Sherri Gragg, Writer’s Digest award winner and author of Arms Open Wide: A Call to Linger in The Savior’s Presence, continues the story of taking her daughter to college.
An Emotional Goodbye From Mother to Daughter
The door to her dorm room closed gently behind us as Meg took a deep breath and turned to face me.
“Well…bye,” she said.
She was right. This was it. There were no more reasonable excuses to delay, certainly not any that would allow me to go back home with any dignity left intact.
I reached out and pulled her, perhaps a little bit too tightly, into my arms. I buried my face into her neck, whispered how much I loved her, and then…I let her go.
I blinked back tears, stepped back, took her hands in mine, and said, “You are going to be ok.”
She looked into my eyes for a long moment, smiled and then said quietly, “So are you.”
“Oh, yeah, I know,” I lied.
I lied like a dog.
I gave her one last brave smile and then made a dash for the elevator before I made a scene neither of us wanted to endure.
I thought that was tough.
But nothing could have prepared me for walking back into our home without her.
As my mother said to me later that afternoon, “Now comes the hard part.”
She wasn’t kidding. I know it sounds dramatic, I really do, but I felt like some essential part of me had been amputated. I felt like I was going to die.
Discovering God’s Ever-Changing Provisions
The grief I felt upon arriving home without Meghan was so powerful, so tangible, that it had a clarifying effect on me. Suddenly, I realized that God had something important to say to me in the middle of it.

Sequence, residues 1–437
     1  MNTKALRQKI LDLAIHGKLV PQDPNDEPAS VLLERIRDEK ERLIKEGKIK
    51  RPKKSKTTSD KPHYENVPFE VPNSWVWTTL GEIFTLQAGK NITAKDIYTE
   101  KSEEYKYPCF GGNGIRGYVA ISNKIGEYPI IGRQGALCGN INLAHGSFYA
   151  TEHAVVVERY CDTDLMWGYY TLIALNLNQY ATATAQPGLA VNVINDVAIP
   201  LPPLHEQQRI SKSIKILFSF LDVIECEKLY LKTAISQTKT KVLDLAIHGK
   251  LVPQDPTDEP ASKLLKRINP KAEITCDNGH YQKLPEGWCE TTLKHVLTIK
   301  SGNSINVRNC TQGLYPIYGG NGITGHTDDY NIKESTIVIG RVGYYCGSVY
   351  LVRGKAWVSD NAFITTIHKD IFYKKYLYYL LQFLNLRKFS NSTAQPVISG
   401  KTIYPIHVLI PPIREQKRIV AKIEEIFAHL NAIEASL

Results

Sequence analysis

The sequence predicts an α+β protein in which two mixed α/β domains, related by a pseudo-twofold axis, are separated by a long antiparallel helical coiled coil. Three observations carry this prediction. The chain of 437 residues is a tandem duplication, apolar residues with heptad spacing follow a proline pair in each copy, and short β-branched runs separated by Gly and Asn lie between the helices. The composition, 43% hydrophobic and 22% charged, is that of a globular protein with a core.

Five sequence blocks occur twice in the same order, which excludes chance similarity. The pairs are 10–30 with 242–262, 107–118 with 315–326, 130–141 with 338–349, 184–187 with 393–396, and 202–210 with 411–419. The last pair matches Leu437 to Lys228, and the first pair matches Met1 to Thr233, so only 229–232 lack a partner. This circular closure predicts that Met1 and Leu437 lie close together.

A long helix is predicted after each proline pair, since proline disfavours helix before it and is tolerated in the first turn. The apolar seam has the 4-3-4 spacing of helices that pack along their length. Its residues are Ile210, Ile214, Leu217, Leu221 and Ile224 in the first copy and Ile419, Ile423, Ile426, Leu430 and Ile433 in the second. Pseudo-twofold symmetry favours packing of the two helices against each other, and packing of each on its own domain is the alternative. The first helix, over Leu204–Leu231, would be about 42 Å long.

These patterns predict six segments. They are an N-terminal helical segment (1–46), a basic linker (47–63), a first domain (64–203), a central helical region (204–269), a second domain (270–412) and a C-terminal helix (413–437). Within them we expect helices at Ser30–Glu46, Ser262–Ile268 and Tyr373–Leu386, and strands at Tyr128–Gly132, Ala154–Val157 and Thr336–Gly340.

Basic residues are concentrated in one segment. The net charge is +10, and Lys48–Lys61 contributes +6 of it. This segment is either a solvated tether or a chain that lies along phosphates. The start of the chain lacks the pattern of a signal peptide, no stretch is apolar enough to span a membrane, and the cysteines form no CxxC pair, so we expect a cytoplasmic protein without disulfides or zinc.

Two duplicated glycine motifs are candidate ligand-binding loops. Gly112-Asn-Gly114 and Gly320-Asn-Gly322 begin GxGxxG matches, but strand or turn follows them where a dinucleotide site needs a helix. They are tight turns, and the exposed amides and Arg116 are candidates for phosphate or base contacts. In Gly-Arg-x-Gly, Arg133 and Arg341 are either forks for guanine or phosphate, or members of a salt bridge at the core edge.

In 1 Peter 2:11, Peter calls His fellow believers “sojourners,” those who are on a journey to their true heavenly home. It is a difficult truth that for some of us, this journey won’t always be through verdant, shady oases. Some of us will find that the ground grows rocky as the gentle canopies overhead thin and then disappear to allow the sun to beat down upon us. Cool streams of abundance that once bubbled alongside our way slow to a trickle and then disappear completely until we find ourselves in a place of barrenness and need where were are utterly dependent upon God’s merciful provision day after day. We call this place…the wilderness.
Israel wandered in just such a wilderness for forty years. I have been there, to the Wilderness of Zin. The cliffs rise up on either side of the gorge where, at times, a thin trickle of a spring carves its path down through the center. There are patches of vegetation here and there, but the ground’s surface is primarily dust, sand, and rock which reflects the white hot heat of the sun which glares down relentlessly overhead. It is austere and weary- hardly a place of reasonable survival for a multitude for even a few days, much less for forty years. Yet, survive, is just what Israel did. She survived day by day, year after year, receiving her provision from the very Hand of God…
The pillar of fire.
Water from dry and impossible places.
Manna morning by morning.
Your eyes should never be fixed upon the gift, but upon the Hand which gives it.